Peacock Paid Subscribers Stall at 13 Million in Q2, Streamer Sheds 1 Million Monthly Active Accounts

Peacock ended the second quarter of the year with a “relatively flat” 13 million paid subscribers and fell to 27 million monthly active accounts, Comcast revealed along with its Q1 earnings results Thursday. The streamer also lost $467 million during that three month stretch between April 1 -June 30, and its parent company advises Peacock will likely continue to post a loss throughout the rest of the fiscal year.

The NBCU streamer’s Q2 paying customer total is the same as the 13 million that Comcast reported in Q1 for Peacock, which has both free, ad-supported and paid, ad-free tiers. But at that time, it was a case of growth, where Peacock was up from the nine million paid subscribers it had at the conclusion of 2021.

When Comcast chairman-CEO Brian Roberts revealed that new paid sub total back on April 28, also announcing Peacock had reached 28 million monthly active accounts (up from 24.5 million at the end of December), he warned the company did not anticipate this dramatic level of growth quarter-to-quarter for Peacock becoming the norm. That’s because the four million paid subscriber additions it boasted in Q1 were largely attributed to Peacock streaming both Super Bowl LVI and the Beijing Winter Olympics during the quarter.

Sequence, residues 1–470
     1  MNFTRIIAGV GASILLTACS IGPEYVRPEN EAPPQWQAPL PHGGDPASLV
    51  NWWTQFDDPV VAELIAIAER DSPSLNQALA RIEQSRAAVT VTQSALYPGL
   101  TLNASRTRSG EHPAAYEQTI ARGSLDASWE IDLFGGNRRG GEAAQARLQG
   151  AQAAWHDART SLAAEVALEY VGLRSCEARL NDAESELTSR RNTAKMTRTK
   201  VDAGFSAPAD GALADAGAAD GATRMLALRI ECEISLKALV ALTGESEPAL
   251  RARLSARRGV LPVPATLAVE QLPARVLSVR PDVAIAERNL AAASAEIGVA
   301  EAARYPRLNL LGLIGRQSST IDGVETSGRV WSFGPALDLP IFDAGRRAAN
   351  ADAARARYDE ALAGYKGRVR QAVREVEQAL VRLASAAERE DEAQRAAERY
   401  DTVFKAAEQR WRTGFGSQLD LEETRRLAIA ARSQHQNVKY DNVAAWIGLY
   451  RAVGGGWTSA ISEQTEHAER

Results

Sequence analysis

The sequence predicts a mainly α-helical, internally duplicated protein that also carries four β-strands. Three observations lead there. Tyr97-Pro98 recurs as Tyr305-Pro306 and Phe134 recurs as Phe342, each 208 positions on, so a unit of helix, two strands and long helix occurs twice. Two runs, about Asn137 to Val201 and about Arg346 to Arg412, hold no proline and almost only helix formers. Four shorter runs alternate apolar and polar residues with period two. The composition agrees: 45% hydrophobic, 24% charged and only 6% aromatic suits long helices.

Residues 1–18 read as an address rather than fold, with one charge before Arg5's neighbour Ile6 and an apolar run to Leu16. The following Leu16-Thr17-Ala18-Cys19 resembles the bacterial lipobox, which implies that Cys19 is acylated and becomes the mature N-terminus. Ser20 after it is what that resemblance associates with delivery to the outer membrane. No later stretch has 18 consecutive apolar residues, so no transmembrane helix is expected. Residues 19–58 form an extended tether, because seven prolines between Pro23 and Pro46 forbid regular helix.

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Comcast stuck with that foregone conclusion in its Q2 earnings letter to shareholders Thursday, writing that the “relatively flat” 13 million paying Peacock subs come “following a very strong first quarter that was driven by a variety of extraordinary programming.” During the subsequent earnings call, Roberts confirmed that monthly active accounts were down by 1 million at 27 million MAAs.

Peacock certainly boasted a less event-fueled lineup in Q2 after having the Super Bowl and Olympics in Q1, though it did debut originals including the “Queer as Folk” reboot, Emmy Rossum limited series “Angelyne,” and new Craig Robinson-Dan Goor comedy “Killing It” and the second season of “Rutherford Falls.”

Roberts said in a statement in the letter: “At NBCUniversal, terrific results at theme parks fueled our growth in the quarter, and we expect our recent premieres and planned slate of content and live events from our media and studios businesses, including ‘Jurassic World: Dominion,’ ‘Minions: The Rise of Gru,’ ‘Nope,’ ‘Sunday Night Football’ and ‘The World Cup,’ to make significant contributions later this year, including to our subscriber growth at Peacock.”

In May, Peacock took over the next-day streaming rights to currently airing programming on Bravo, a fellow Comcast brand, from Hulu. The Peacock team is eagerly anticipating the streamer grabbing the rights to NBC’s next-day streaming from Hulu in September, as well, in hopes that will also spur sub growth.

(Pictured: “Queer as Folk.”)

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